Thursday, January 26, 2012

Feeding too Much Fruit is Bananas

First, I want to thank Dana Krempels, Ph.D. for writing some of the most informative and helpful articles on the internet about companion rabbits.  You can see them at this link. This past week her article "What Should I Feed My Bunny?" was referenced in the UK's Daily Mail online. The video shows a bunny cradled in its caretaker's arms eating a banana.  Fortunately, the journalist  sought out some expert advice online and located Dana's information on feeding rabbits. (I also appreciate Dana's sense of humor on her website - see this link. )
I cringed when I first saw the video since it sends all the wrong messages about how to handle and feed a domesticated rabbit. First, it appeared to me the rabbit could be in jeopardy of choking. Even when I syringe feeding a sick rabbit, I try to keep them upright on their paws in a natural position. After all, rabbits were built to sit on their haunches and graze grasses.  As much as we want to anthrophomorphize our pets, rabbits do not have the same anatomy as human babies.  Also, the rabbit's posture was close to inducing tonic immobility.  There has been some controversy over “trancing” or “hypnotizing” rabbits. I no longer practice nor support the use of this technique. I trust the science and the scientists who have studied Tonic Immobility (TI) in animals and particularly rabbits. The studies show this phenomenon is “a short-term reversible paralysis which can be readily induced in susceptible ‘prey species’ such as rabbits.” It's stressful, not calming. See my web page on TI at this link.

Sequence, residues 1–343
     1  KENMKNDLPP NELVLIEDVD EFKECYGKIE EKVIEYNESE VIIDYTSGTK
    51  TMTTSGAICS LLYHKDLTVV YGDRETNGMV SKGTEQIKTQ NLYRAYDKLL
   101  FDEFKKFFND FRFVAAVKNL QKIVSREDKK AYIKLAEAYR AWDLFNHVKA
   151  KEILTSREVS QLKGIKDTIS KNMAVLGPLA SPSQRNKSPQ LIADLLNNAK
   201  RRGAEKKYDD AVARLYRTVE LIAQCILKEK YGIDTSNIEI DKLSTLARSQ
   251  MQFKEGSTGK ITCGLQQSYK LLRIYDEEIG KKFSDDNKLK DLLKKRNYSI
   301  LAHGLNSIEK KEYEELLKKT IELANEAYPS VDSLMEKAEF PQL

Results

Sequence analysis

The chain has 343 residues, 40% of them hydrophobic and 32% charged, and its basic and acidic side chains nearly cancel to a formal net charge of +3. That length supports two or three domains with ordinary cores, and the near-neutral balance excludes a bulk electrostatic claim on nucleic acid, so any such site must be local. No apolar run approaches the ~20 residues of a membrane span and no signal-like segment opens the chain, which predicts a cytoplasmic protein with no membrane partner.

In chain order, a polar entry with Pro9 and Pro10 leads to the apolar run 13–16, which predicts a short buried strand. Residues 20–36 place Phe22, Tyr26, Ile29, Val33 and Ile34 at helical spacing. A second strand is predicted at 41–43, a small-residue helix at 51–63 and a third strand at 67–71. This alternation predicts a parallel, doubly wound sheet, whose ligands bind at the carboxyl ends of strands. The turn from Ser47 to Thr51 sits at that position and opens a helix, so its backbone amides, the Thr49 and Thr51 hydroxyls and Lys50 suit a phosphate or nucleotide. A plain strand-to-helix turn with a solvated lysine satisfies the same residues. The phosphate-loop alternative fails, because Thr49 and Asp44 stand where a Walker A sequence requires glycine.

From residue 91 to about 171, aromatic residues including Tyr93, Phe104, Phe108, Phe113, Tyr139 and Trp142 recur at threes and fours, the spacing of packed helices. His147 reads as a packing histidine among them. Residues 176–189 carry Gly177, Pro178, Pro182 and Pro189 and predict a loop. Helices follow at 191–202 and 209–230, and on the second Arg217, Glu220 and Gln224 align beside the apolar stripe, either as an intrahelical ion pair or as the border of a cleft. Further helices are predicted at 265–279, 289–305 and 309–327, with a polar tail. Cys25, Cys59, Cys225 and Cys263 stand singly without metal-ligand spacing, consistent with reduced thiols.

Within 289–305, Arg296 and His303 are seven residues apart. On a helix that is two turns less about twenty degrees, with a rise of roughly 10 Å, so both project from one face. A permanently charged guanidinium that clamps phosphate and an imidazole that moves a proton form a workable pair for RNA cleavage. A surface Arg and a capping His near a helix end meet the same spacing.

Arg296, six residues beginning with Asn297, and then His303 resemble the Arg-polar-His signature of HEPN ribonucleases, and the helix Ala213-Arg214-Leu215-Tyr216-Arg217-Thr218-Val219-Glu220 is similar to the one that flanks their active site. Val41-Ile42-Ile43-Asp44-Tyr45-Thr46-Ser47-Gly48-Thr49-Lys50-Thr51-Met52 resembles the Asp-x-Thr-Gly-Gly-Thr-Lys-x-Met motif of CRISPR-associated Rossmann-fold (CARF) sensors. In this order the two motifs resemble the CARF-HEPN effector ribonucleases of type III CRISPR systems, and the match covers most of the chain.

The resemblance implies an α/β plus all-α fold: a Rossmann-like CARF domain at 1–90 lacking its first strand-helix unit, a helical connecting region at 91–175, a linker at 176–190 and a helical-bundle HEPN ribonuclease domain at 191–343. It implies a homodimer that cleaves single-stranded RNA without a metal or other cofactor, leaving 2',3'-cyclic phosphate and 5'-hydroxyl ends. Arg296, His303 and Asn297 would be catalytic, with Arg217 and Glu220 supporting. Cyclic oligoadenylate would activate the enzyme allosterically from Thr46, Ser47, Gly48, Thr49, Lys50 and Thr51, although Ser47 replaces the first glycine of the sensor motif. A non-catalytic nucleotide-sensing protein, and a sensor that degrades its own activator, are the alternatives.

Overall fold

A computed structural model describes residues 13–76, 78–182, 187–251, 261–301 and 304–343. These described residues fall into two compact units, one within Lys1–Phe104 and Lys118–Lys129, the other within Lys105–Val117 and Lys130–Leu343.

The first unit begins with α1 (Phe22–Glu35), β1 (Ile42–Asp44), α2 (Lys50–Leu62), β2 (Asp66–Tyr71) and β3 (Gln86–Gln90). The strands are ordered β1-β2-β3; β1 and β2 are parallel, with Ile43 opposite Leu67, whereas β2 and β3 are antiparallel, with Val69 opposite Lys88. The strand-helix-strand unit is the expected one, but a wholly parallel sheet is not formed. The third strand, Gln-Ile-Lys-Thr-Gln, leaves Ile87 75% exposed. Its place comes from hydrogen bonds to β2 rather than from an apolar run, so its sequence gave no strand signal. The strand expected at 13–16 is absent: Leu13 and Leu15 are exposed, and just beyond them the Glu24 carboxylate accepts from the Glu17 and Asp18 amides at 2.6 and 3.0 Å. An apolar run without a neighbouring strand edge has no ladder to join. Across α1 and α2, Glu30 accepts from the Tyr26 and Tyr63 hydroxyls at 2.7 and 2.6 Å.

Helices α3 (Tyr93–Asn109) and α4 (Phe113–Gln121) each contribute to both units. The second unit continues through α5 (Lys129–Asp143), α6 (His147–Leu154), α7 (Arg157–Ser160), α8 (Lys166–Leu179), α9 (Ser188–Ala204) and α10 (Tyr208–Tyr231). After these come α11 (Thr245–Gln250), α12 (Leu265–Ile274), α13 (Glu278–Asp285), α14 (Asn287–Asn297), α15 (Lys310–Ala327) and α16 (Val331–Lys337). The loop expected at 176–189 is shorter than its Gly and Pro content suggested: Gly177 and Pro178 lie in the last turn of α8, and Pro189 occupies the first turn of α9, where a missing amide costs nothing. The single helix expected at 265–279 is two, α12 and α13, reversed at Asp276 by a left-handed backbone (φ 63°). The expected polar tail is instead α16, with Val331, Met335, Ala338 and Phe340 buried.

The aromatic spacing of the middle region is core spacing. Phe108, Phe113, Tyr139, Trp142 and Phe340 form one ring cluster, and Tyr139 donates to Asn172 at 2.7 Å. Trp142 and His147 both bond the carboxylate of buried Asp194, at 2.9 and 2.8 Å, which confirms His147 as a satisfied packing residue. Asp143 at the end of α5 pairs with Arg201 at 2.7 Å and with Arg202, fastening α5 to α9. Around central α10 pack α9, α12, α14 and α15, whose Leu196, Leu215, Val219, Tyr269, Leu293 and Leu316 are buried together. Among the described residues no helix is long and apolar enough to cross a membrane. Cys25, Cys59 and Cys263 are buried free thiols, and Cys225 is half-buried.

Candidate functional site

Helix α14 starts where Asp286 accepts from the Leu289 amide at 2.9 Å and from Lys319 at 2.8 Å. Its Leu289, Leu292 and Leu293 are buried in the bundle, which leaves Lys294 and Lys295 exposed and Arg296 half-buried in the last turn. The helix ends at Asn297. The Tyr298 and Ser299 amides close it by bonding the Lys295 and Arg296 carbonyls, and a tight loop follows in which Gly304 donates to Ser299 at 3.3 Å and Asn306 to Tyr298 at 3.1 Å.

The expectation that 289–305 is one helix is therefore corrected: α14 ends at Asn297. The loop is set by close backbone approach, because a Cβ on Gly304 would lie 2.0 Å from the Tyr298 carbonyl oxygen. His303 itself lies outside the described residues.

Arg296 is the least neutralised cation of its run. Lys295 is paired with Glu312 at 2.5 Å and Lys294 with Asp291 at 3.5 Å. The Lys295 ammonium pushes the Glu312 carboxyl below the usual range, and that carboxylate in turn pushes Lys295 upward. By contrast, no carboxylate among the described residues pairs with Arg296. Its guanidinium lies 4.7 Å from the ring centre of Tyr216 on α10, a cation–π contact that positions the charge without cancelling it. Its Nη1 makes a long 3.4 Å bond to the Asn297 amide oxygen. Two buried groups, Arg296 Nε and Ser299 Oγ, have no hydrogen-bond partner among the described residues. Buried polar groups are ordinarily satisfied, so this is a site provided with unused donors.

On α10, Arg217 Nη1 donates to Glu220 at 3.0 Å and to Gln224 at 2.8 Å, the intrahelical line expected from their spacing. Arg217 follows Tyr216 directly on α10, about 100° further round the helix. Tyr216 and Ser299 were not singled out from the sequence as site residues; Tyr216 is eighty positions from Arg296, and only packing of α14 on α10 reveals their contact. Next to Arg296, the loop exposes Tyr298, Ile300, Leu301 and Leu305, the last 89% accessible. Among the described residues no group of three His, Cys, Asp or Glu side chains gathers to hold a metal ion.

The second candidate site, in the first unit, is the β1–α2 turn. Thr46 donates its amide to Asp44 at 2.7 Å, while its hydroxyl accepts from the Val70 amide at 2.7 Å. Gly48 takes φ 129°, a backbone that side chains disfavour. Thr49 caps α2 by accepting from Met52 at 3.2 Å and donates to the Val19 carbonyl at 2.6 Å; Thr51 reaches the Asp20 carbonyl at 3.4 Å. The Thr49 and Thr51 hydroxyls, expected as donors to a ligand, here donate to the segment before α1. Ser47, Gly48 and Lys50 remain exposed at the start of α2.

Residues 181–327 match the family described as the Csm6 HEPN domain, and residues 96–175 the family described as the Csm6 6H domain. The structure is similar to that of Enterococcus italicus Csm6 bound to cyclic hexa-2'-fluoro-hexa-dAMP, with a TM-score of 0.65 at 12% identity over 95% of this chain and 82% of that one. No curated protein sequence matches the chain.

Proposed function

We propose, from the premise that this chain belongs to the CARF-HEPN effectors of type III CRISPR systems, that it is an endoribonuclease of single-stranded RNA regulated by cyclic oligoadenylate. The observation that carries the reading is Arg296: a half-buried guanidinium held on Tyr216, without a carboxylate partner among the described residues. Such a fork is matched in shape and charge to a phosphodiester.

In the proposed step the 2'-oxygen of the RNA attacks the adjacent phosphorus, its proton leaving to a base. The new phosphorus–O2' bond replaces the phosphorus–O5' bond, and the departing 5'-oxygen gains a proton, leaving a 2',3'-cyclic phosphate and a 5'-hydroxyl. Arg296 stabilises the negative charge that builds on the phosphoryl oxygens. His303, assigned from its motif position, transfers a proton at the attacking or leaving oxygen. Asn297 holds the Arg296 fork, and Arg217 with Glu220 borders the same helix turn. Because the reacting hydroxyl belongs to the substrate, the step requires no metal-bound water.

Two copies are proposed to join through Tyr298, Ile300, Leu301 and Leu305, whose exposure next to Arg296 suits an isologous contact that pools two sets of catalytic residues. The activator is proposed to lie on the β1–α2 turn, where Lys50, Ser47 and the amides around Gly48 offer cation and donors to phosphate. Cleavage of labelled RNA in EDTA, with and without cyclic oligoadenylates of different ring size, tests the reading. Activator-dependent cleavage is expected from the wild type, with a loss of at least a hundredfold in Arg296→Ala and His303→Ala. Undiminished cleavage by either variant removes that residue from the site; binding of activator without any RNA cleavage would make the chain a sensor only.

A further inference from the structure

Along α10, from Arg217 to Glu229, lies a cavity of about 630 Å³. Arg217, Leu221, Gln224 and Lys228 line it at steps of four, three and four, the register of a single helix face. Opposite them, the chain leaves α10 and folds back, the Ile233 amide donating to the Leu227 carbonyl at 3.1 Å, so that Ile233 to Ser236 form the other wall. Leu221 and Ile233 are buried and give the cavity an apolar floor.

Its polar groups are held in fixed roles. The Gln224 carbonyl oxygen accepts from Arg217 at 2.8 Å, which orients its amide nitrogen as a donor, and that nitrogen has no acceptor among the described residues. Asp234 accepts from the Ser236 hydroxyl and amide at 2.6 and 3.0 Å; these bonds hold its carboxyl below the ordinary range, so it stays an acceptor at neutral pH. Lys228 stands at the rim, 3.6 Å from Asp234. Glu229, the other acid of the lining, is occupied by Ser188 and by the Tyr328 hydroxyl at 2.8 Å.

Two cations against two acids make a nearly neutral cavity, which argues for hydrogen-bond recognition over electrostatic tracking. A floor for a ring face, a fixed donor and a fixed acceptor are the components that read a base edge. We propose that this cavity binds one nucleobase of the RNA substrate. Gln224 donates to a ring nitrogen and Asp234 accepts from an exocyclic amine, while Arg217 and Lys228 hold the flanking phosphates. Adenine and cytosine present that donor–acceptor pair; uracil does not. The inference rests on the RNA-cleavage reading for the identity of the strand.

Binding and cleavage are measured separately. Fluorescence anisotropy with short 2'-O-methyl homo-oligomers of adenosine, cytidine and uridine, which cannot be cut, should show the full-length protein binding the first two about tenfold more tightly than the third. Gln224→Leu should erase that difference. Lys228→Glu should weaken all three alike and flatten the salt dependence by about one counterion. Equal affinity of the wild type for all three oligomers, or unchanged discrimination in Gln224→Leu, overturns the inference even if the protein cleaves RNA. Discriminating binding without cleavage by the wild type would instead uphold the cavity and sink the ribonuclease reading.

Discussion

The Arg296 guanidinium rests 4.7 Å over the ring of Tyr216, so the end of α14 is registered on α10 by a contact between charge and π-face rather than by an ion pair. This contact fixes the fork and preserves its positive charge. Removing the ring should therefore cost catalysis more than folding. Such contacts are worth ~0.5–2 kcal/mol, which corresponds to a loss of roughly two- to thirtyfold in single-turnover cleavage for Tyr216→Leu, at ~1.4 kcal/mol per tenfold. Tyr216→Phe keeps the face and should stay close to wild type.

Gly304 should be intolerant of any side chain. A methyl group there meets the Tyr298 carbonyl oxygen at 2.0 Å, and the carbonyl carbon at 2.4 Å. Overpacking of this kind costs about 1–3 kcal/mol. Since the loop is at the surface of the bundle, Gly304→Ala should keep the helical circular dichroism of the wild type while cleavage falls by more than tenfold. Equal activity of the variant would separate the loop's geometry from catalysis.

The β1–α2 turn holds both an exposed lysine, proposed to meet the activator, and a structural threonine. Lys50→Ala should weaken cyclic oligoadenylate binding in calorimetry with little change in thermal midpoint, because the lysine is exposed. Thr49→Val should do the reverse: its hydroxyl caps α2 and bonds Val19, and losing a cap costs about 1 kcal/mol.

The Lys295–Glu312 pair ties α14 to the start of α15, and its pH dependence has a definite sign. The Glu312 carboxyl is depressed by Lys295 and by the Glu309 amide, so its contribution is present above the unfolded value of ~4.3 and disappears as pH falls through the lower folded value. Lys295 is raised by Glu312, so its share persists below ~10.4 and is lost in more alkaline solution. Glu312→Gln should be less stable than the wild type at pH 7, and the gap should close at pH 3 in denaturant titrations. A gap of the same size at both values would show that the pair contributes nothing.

I have never met a rabbit that didn't have a "sweet tooth." But fruit is high in sugar and causes weight gain. Plus, it upsets the balance of bacteria in the cecum and can cause many medical issues both short and long term. A diet primarily consisting of  timothy hay, some leafy green vegetables and very small bits of fruit once or maybe twice a day may seem boring to us humans, but it will promote a long and healthy life in rabbits.  One of my young bunnies (8 years old) who just ran very fast circles around the living room and joined me at the computer is living proof.